Veterinarians say it is particularly important for producers to protect the health of their female replacement animals
When people find that they have Johne’s in their herd, they need to figure out how to deal with it.
Dr. Karin Orsel, a veterinarian at the University of Calgary, says producers can test their entire herd but they won’t find every infected animal.
“So your strategy would be to determine which animals are most likely clean and not yet infected.
“Your first and second calvers will probably not be shedding yet. The ones that you don’t want infected are your female replacement animals.
“In a commercial herd, the male calves are leaving — going to a feedlot — so we don’t need to worry about them. The cows with steer calves at foot can graze anywhere. The steers will go to a feedlot and be slaughtered before infection can become established. But the cow with a heifer calf (that might become a replacement female) should graze on the cleanest pastures available,” says Orsel.
If you are calving in May and cows are out in big pastures, there is less fecal contamination of the environment.
“If you calve in February or March, and the animals are confined closer to home, you’ll have more spread of disease within the herd, infecting your replacement heifers, and this disease will stay in your herd,” says Orsel.
“This is especially true in purebred herds because they tend to calve earlier.…
“I sit down with the producer and help make a plan. If a pasture has been mowed for hay and not grazed for a while, it’s probably clean; this might be where you turn out the cows with heifers at foot, or the younger animals you want to keep free of disease. It pays to strategize. If you have a closed herd and don’t bring in other cattle, you won’t get it into your herd. But if you already have it, you can manage it. Management options will depend on herd size, how much pasture you have, etc.”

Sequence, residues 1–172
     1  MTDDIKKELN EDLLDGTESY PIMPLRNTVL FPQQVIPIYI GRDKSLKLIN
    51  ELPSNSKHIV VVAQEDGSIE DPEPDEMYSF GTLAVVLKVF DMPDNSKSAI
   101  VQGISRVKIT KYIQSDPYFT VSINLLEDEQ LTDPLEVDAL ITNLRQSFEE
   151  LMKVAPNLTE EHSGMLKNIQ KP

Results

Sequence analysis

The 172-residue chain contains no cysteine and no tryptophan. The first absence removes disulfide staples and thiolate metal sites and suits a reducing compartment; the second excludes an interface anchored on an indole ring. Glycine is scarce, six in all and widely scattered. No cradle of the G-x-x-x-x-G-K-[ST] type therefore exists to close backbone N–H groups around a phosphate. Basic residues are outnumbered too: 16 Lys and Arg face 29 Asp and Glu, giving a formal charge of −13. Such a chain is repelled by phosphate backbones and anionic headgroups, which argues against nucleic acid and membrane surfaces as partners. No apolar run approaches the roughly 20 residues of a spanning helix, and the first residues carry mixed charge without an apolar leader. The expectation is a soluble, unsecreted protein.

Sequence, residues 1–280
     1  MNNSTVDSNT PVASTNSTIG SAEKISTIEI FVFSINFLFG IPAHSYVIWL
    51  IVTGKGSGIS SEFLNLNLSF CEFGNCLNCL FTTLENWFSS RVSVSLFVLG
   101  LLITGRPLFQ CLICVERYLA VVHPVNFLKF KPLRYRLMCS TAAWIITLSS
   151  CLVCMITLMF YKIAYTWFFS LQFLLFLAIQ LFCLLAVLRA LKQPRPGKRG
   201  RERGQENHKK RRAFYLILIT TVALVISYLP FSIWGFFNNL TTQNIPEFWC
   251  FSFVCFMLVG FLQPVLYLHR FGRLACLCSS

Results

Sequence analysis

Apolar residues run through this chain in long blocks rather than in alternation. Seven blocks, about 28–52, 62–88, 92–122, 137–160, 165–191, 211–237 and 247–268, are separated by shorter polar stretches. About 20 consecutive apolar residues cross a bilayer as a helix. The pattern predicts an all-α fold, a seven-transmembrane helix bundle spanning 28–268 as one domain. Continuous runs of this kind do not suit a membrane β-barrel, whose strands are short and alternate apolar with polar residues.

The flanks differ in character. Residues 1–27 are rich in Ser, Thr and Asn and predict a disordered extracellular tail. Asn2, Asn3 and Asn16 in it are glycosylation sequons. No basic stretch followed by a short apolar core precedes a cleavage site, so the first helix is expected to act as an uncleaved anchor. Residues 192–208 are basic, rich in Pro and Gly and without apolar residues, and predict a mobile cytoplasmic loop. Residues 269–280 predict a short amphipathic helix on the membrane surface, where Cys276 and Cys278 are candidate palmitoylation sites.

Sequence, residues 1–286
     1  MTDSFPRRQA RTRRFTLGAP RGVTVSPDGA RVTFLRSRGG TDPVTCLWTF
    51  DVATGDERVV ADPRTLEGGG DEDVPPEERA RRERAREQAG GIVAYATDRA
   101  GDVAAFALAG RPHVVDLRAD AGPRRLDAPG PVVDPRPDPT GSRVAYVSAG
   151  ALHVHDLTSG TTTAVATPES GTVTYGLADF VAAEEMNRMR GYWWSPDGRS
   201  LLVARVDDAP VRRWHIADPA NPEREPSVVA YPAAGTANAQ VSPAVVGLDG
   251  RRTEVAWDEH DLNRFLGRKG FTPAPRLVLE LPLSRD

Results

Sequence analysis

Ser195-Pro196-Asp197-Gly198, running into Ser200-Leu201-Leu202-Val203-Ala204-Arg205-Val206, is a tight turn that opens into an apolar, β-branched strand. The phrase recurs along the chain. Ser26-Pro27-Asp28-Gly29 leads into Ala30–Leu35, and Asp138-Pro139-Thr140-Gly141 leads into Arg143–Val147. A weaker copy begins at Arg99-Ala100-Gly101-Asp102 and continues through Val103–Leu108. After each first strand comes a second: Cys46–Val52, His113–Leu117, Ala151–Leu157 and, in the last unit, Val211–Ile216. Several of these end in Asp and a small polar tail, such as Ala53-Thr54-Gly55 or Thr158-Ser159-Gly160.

Producers who keep replacement heifers should think about how to keep them clean and healthy.
“It can be difficult, however, because you don’t want to turn heifers out into the foothills by themselves to calve (even though it may be your cleanest pasture) with risk of losing calves to predation. Young heifers are not always aggressive enough to protect their calves. People often put some older cows with them, to deter predators,” she says.
“You also need to think about how you select replacement heifers. Most people have a plan for weaning and selecting heifers, and don’t just select on size and weight.
“There may be certain genetics, certain cows they like, and pick heifers from those. Think about dealing with that group a bit different; bring them to pastures that are clean. If there is a suspicious cow, keep her out of that pasture. If you spend money on testing, make sure you keep the test-negative animals together, and try not to have a chance for a positive animal to be in that group.”
Orsel says if a cow tests positive, producers should cull it and also its female offspring because it exposed them while they were calves. Its daughters, whether weaned heifers or young cows, may not test positive yet, but likely are incubating the disease and will spread it to other herd members.
There are tactics that can slow down this disease.
“It just takes a lot of thinking, and sorting,” Orsel says.
This can minimize risk for replacement heifers, which would be the ones that would later spread the disease if they happened to be infected as young animals.
Dr. Steve Hendrick of the Coaldale Veterinary Clinic in Coaldale, Alta., did a study with monensin a few years ago. This ionophore, a type of antibiotic that hinders the function of bacteria and their ability to reproduce, is often used as a feed additive to help prevent bloat and coccidiosis and improve rumen function.
“This product tends to hinder the bacteria that cause Johne’s so if people are using it for coccidiosis control in adult cows, it may also reduce the shedding of Johne’s. It is not a cure, but may help minimize contamination, affecting the number of live bacteria that are shed.”